Ensuring the future of elk, other wildlife, their habitat and our hunting heritage.


Thursday, July 18, 2013

Father & Son to the Rescue

Near Quemado, New Mexico
Matt Woodward knows how to find wild game. After all, that’s his job. Woodward and his family own an outfitting business, Borderland Adventures, that offers guided hunts for elk, antelope, Coues deer, whitetail, mule deer, turkey and pheasants on private land in Arizona, Kansas, New Mexico and Sonora, Mexico.

Even though Matt sees a lot of animals, his heart skipped a beat on a recent scouting trip from central Arizona to east-central New Mexico. Accompanied by his eight-year-old son, Trent, he traveled to a ranch about 15 miles outside of Quemado. With a goal of checking out the land and hanging some trail cameras, they came upon a spotted elk calf struggling with one of its small hoofs stuck in the lower rungs of a barbed wire fence. 

“We probably messed with her about five minutes or so trying to get it off. It was a pretty tight deal but I ended up getting a couple of tire irons and tools out of the back of the truck to pry the wire apart and work her hoof out of there,” said Woodward. “The calf was a little beat up. She rubbed herself a little raw on the fence but I think she’ll be just fine.”

Matt gets to work...
...and sets the calf free.
Once free, their work was not done. The calf remained nearby and it was another hot day on the parched landscape.

“Range conditions are really tough out there right now. We’ve got wolves to the south of us and no rain in sight,” said Woodward. “We coaxed her over about 40 yards or so toward some trees because she was out in the open in the blazing sun. We could hear some cows talking about 200 to 300 yards up the hill from us. We figured they were still close. Two hours later, she was gone.”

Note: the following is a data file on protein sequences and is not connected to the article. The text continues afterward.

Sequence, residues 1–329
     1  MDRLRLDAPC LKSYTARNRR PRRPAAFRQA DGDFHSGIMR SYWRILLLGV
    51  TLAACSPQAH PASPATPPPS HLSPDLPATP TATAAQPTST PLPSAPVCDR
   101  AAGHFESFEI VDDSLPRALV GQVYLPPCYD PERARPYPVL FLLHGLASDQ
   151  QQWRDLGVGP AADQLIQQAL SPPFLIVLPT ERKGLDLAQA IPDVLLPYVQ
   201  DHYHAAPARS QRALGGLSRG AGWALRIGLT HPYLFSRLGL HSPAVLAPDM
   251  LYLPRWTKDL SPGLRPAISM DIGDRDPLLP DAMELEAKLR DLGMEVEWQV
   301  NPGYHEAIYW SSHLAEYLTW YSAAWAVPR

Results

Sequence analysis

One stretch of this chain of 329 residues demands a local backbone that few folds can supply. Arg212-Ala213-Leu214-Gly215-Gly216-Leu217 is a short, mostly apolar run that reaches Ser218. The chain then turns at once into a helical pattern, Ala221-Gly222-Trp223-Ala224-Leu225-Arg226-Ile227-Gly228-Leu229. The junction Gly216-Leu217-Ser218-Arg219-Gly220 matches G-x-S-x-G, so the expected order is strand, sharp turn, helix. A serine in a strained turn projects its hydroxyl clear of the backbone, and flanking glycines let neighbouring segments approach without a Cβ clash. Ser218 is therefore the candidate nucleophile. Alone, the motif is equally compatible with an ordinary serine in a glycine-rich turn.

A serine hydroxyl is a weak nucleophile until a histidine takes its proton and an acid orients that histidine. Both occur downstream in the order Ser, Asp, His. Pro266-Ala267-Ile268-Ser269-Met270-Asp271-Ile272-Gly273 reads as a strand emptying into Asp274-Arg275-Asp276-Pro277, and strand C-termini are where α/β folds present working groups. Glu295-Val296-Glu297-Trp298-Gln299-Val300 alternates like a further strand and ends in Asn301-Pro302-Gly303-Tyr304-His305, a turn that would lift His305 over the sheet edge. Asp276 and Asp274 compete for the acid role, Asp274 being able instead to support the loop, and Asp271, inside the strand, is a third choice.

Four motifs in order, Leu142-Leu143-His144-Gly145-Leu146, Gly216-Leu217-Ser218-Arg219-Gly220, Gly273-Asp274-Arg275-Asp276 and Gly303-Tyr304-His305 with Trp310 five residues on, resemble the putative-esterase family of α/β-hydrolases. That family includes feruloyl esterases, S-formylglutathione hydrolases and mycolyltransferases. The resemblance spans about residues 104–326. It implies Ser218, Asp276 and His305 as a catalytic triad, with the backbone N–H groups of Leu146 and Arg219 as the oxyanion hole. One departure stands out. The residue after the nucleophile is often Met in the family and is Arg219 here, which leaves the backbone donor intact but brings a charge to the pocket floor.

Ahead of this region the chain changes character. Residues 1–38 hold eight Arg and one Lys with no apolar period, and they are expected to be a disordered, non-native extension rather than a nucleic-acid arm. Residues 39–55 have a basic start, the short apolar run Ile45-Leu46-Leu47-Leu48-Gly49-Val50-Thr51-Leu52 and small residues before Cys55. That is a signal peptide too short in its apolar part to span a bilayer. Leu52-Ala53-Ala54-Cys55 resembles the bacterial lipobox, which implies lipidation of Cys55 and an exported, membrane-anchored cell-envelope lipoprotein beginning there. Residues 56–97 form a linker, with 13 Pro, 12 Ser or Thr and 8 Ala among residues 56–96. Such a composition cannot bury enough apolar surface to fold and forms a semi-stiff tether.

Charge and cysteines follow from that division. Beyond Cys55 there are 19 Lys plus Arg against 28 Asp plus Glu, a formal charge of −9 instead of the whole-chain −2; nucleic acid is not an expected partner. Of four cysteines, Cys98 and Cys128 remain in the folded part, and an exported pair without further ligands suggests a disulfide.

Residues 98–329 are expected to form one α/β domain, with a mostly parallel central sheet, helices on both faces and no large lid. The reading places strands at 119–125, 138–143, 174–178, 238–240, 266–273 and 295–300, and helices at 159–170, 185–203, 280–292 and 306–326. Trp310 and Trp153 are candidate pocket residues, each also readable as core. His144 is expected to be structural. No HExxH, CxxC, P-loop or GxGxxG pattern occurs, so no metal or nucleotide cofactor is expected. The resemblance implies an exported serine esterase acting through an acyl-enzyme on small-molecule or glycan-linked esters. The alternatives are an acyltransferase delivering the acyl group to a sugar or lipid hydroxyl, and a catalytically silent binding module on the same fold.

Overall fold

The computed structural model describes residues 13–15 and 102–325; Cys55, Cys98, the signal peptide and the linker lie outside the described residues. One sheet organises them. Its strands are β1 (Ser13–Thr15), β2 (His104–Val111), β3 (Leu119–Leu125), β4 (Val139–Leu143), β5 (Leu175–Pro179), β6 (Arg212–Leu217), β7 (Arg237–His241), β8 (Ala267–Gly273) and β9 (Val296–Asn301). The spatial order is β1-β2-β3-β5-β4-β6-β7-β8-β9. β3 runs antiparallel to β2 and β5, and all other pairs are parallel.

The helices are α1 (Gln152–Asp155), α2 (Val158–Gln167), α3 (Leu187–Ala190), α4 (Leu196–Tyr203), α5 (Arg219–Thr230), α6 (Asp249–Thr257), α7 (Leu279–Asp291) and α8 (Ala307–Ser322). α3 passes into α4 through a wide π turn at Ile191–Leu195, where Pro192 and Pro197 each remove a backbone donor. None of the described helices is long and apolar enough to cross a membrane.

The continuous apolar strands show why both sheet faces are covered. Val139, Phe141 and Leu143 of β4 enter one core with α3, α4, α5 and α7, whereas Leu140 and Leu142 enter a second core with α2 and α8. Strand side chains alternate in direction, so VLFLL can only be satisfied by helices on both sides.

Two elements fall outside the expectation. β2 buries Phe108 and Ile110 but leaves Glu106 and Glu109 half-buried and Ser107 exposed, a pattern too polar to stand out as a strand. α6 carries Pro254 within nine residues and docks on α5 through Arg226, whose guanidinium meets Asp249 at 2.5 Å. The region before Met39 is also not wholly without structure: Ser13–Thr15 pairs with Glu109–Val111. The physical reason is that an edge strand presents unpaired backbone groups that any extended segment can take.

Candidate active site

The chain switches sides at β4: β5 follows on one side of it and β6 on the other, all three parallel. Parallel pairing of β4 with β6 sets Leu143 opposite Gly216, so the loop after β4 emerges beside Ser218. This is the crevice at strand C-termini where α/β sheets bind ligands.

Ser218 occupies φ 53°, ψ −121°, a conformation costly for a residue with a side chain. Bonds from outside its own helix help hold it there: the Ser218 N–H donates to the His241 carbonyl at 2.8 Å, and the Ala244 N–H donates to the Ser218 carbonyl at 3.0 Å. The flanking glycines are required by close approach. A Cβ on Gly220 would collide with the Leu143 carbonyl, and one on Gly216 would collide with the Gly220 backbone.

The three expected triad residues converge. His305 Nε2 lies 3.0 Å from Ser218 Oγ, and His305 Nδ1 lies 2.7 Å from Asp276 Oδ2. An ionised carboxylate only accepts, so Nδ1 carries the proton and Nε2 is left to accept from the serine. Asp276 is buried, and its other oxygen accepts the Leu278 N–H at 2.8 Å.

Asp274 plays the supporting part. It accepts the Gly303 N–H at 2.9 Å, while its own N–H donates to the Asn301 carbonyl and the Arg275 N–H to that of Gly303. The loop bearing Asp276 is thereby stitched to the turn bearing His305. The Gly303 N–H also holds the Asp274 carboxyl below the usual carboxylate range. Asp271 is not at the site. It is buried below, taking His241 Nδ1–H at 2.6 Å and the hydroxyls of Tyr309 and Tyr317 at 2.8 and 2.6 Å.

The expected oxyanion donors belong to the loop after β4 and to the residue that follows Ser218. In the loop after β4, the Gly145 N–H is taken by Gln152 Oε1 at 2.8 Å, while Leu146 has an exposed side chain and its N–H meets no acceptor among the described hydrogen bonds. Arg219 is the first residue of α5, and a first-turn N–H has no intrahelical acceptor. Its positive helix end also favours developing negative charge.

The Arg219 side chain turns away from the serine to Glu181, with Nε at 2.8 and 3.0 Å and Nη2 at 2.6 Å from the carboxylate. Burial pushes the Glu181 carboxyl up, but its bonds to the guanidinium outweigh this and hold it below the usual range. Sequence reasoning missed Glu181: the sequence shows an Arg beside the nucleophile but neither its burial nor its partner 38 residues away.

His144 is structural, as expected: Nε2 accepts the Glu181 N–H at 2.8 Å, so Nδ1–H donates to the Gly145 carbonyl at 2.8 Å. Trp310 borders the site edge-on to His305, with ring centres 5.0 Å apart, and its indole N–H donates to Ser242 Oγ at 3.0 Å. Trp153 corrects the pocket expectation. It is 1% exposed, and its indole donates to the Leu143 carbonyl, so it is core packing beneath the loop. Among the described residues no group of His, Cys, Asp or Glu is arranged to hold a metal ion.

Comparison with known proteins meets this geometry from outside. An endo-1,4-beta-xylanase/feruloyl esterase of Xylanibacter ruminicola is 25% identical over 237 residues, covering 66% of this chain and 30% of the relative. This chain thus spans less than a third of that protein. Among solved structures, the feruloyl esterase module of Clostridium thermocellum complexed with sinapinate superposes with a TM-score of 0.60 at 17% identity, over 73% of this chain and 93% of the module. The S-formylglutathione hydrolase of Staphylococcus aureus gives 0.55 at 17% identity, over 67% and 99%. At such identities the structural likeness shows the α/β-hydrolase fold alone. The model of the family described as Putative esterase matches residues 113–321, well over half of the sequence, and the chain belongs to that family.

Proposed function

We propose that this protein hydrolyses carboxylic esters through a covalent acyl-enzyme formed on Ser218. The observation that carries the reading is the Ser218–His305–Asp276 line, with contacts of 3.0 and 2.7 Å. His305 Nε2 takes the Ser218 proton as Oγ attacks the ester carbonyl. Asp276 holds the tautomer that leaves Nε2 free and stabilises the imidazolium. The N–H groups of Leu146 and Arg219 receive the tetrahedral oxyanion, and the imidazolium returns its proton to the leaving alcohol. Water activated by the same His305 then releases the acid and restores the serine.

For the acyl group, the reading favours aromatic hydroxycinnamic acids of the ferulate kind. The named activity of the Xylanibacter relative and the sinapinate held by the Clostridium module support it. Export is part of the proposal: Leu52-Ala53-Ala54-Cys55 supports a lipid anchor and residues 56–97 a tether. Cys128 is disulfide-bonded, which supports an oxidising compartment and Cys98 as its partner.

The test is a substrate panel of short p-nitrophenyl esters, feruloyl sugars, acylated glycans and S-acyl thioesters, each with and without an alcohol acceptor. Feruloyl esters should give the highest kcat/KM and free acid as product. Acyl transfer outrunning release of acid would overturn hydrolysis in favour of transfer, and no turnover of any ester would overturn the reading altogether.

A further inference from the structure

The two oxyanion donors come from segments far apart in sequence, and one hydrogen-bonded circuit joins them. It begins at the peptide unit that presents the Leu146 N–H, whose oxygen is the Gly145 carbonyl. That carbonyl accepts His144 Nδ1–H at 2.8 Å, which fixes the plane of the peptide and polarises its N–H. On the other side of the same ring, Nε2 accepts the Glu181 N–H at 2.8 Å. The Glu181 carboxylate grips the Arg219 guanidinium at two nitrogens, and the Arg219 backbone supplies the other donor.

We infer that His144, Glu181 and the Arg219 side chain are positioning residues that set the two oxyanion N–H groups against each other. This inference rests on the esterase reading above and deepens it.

The elk rescue is an experience Matt won’t soon forget. Same goes for his boy.

“It was very cool. My son had never seen an elk up that close. It was a really neat deal for him. He had a glow on his face about it.”

From the Rocky Mountain Elk Foundation and elk and wildlife lovers everywhere we say “Thanks Matt! Thanks Trent!” An elk rescue on a hot New Mexico day by a family of elk hunters in the hunting business—a hands-on example of how Hunting is Conservation.

Trent watches the freed calf

5 comments:

  1. That's the best I use to hunt but as I've gotten older I think I'd just hunt with a camera now! With out a bunch of mouths to feed I'd injoy the pictures a lot! Thanks gentlemen!!!

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  2. Great job! What a great story! So many people do not understand that hunting is an important part of conservation, and what a touching example you and your son have given us!! Thanks Borderland Adventures!

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  3. Check out Tangle Free Montana. We're a non-profit that works with volunteers to remove obsolete barb-wire fencing off public lands to prevent wildlife entanglements. We also work on educating the public about the hazards created by certain wire fences as well as how to build wildlife friendly fencing.

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  4. Your group is doing some good work Christopher. Our past collaborations provide evidence of that. Thanks for helping out elk country.

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  5. Funny thing, ain't it? We Love these animals and wish for them to prosper, are thrilled and gratified when we see them plentiful and happy in mountain meadows. And when the season rolls around, we are just as thrilled to have them in our sights and on the dinner table. I just chalk it all up to the Great Mystery of Life.

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